A Tennessee physician whose Tesla became the third to catch on fire after an accident says he stands by the car even as federal investigators say they are working with the electric car maker over the incidents.
Tesla posted an account of the accident on its website from the driver, which the automaker identifies as Juris Shibayama, whose car caught on fire near Smyrna, Tenn.
He writes out how was unable to swerve to avoid a trailer hitch in the highway, how it went underneath his Model S sedan and a fire resulted. And how he stands behind the Tesla.
"This experience does not in any way make me think that the Tesla Model S is an unsafe car. I would buy another one in a heartbeat," he writes in the post on Tesla's website.
But it's yet to be seen what federal investigators think. They are now taking a look at Tesla after this third incident. In the first, another driver struck an object that pieced the car's armored battery pack and started a fire. In the second case, a driver crashed his car and fled the scene. And now the Tennessee case.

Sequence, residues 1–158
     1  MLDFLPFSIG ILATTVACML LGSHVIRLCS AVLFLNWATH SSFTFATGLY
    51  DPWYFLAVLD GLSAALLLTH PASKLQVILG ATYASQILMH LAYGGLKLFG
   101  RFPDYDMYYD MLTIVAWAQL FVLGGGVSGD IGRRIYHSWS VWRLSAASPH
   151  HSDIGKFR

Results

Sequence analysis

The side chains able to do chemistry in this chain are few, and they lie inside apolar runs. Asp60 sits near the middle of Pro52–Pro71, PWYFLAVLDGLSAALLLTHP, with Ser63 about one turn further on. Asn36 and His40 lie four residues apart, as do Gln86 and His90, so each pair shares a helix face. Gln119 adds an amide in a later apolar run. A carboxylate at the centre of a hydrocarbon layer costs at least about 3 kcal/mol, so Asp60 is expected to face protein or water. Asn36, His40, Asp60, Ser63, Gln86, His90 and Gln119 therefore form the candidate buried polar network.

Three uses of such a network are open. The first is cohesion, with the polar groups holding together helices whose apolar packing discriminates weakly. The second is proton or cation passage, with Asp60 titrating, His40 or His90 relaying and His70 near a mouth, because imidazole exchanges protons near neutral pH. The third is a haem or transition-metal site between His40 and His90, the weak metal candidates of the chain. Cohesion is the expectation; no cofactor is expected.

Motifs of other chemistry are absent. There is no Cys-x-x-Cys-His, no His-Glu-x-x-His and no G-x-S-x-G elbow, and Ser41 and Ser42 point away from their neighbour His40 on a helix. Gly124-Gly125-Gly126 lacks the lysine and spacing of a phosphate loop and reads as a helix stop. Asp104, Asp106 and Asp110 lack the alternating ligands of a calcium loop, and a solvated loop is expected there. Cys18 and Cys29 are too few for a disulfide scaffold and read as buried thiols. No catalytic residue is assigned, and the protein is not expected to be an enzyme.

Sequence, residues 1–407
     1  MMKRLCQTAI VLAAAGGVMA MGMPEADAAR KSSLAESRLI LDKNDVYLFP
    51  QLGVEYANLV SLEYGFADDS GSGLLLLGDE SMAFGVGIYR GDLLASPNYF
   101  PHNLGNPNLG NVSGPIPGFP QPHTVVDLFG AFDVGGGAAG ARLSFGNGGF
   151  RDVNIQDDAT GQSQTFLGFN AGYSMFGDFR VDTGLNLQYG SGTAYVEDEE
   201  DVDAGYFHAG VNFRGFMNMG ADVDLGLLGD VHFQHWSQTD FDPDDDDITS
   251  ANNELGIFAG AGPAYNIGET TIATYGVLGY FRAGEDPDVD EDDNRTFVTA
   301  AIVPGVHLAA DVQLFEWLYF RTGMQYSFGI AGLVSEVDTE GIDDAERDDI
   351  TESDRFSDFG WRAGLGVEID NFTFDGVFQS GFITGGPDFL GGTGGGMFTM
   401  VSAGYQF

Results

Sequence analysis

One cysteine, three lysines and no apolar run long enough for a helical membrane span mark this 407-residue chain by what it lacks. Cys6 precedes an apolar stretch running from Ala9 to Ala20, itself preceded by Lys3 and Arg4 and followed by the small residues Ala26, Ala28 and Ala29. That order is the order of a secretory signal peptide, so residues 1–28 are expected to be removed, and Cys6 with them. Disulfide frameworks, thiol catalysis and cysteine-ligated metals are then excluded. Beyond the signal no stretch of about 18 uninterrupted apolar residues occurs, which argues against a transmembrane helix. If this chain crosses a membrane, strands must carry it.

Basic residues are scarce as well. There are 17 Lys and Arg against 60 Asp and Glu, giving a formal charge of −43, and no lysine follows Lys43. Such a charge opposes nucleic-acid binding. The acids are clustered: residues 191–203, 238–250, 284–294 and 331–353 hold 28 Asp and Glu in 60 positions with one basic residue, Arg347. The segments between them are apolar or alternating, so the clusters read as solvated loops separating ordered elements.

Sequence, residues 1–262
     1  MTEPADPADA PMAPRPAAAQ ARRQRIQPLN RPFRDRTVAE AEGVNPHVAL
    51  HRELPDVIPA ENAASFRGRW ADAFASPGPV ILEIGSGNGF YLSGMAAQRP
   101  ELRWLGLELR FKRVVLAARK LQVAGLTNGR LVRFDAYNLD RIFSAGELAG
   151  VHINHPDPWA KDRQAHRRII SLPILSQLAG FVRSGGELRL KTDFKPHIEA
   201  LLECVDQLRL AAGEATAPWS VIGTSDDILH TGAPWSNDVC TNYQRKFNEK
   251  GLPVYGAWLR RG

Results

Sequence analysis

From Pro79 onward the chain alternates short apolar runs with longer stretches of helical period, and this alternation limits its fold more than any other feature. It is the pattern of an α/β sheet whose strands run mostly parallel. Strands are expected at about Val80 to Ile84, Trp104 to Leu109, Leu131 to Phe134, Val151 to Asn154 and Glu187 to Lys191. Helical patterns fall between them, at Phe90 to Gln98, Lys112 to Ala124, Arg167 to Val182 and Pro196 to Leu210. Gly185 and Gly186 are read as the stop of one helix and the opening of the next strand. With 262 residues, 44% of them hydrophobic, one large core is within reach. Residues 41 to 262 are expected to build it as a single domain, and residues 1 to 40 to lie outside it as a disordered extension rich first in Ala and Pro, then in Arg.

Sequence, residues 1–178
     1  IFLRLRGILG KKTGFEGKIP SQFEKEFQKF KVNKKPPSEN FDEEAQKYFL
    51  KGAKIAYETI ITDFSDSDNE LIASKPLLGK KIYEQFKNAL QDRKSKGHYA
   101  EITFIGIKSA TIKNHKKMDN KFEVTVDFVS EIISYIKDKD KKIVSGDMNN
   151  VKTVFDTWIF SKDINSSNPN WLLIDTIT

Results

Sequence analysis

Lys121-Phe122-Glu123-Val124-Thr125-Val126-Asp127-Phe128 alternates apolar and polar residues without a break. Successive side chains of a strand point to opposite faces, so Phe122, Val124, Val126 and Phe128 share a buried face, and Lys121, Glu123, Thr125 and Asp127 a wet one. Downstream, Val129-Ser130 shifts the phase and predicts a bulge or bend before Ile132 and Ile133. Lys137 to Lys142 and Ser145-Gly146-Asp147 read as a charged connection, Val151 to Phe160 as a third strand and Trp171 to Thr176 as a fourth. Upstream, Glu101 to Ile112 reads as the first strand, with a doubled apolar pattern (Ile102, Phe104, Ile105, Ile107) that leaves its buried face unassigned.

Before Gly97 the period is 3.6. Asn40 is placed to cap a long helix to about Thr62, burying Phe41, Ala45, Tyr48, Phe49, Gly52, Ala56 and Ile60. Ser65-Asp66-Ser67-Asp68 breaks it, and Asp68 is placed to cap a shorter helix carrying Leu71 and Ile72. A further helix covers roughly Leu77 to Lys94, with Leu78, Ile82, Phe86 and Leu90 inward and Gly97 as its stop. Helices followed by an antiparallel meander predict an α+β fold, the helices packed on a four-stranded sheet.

NHTSA has issued its usual statement of a preliminary investigation. But it did issue a tougher statement Friday indicating that's its not just gathering details of the accident from authorities, but is in touch with the automaker directly.
"NHTSA is in close communication with Tesla and local authorities gathering information about the incident to determine if additional action is necessary," the statement said.
In the incident, Shibayama says he was driving home from work when he struck the hitch at about 70 miles per hour. He felt the thud, which was followed less than a minute later by a warning message: "Car needs service. Car may not restart."
Just hoping to reach home, he says he continued to drive but didn't get a lot farther. In another minute, up popped a message saying "Please pull over safely. Car is shutting down." He got over and soon smoke was pouring out from underneath, followed by the fire that destroyed the front half of the car.
Still, Shibayama says he is grateful he was driving a Tesla. "Had I not been in a Tesla, that object could have punched through the floor and caused me serious harm," he writes.
Tesla's stock took a drubbing last week following the report of the third fire and an earnings report that left some, but not all, disappointed. It lost nearly 22% over its value over three days, closing at $137.95 on Friday.